The Newtown Pentacle

Altissima quaeque flumina minimo sono labi

locked attic

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A few odds and ends.

– photo by Mitch Waxman

A late model and quite adorable pickup spotted at Willets Point is pictured above. One continues to suffer from a lack of fresh content for this – your Newtown Pentacle – due to the abundance of atmospheric precipitation and a rather full schedule of other tasks. I’ve got a pile of shots on the computer which have been gathered in my comings and goings around Queens which I hope to have the developing process finished on shortly.

A few of you have asked about the enigmatic “developing process” statement in the past, so here’s a brief description…

– photo by Mitch Waxman

I have my camera set to generate “RAW” format images rather than jpegs. When the camera card is offloaded (I generally download shots off of the thing as soon as I return to HQ from an adventure or whatever, same day as capture) onto my desktop, they are first converted over from Canon’s .cr2 format over to Adobe DNG. The DNG files, which are easier (and quite malleable) to edit, are then loaded into Adobe’s Bridge. Bridge is where I hit them with certain presets – I have one or two for normal daylight shots, a couple of different setups for high iso night or subway shots, and so on. This is hardly an automatic process, rather the settings assign correct color temperatures, sharpness and saturation settings, and a few other technical corrections are introduced into the images. This isn’t the final step by any measure, rather it creates a starting point for the next step. Setting up these settings, or loops, has been a trial and error evolutionary process which I’m always tweaking.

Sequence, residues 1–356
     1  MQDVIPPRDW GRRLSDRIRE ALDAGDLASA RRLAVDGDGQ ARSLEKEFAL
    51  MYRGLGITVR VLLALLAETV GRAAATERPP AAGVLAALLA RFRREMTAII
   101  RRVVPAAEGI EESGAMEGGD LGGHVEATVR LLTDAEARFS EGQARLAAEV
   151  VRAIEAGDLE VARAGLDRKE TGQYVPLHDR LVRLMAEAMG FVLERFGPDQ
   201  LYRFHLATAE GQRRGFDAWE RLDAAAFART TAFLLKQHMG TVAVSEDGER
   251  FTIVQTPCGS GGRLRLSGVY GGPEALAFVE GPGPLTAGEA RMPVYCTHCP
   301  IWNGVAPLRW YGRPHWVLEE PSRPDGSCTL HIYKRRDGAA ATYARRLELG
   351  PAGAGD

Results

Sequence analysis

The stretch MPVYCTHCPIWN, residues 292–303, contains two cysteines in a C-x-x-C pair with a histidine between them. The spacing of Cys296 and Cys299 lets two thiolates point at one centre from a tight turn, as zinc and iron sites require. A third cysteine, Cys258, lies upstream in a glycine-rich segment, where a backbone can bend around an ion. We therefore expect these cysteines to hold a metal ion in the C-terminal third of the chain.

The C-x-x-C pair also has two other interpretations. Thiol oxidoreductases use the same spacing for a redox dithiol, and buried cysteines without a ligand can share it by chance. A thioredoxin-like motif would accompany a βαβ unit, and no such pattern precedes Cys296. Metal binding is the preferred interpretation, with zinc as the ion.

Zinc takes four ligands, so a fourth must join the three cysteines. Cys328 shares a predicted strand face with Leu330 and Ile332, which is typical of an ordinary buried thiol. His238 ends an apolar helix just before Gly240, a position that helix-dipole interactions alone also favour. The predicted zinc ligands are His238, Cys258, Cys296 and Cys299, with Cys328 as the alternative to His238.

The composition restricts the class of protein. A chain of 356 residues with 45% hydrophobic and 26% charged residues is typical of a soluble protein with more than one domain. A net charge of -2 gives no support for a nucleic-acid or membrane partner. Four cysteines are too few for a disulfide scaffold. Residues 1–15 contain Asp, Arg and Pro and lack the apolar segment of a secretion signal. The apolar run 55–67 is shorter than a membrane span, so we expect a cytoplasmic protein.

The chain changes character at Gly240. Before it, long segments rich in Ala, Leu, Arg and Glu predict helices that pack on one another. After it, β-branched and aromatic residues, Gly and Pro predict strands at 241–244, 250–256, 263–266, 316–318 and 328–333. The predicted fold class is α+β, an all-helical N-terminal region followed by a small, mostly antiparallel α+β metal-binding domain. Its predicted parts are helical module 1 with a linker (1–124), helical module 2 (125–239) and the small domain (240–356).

Next up is a review of the entire catalogue of shots, during which I’m ensuring that focus is where I wanted it to be, and I’m looking for images that carry a general esthetic sense. Ideally, at least half to two thirds of what landed in the folder are tossed, leaving behind a set of shots I can hang my hat on. Those shots are then cropped, keyworded, and have their horizon lines straightened or “dutched” depending on what I’m going for with the image.

– photo by Mitch Waxman

The final step, and I leave it for last as the prior phases can often be boring and technical exercises during which my head feels like it might slide off the back of my neck during, is the development one. That’s where I noodle brightness, contrast, and so on to find some accommodation between what my perception of the scene was while shooting it and the technical shortcomings of the captured image. Once I’m happy with what I’ve got, and at this point it’s something like 15 or 20% of what originally came off the camera, I make my selects that I want to present. Maybe 10% of the original number of photos captured in the field make it through to that final cut. Sometimes, you need to “get it in one,” especially when it’s an assignment, but personal work involves a different thought process.

I’ve got a couple of “secret sauce” tricks that I picked up over the years working as a Madison Avenue retoucher, but one thing I never do with the shots you see here is “photoshop” them and alter the capture by removing or adding elements. It’s just color and brightness, contrast and so on that I hit them with. I aspire to maintain some measure of journalistic integrity in these images.

Everything gets rendered out as jpegs for web delivery at Flickr, ultimately.

“follow” me on Twitter- @newtownpentacle

Buy a book!

In the Shadows at Newtown Creek,” an 88 page softcover 8.5×11 magazine format photo book by Mitch Waxman, is now on sale at for $30.

Written by Mitch Waxman

May 2, 2019 at 1:30 pm

2 Responses

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  1. The “late model and quite adorable pickup” is in fact and early 1960s half-cab IH (International Harvester) Scout. They’re quite desired among the classic 4×4 set! 🙂

    Marc Beebe

    May 2, 2019 at 6:13 pm

  2. Even for a photographic dunce like yours truly, that description of your standard routine for processing the hordes of images you capture is fascinating, Mitch — thanks!

    Kenneth Furie

    May 2, 2019 at 11:40 pm

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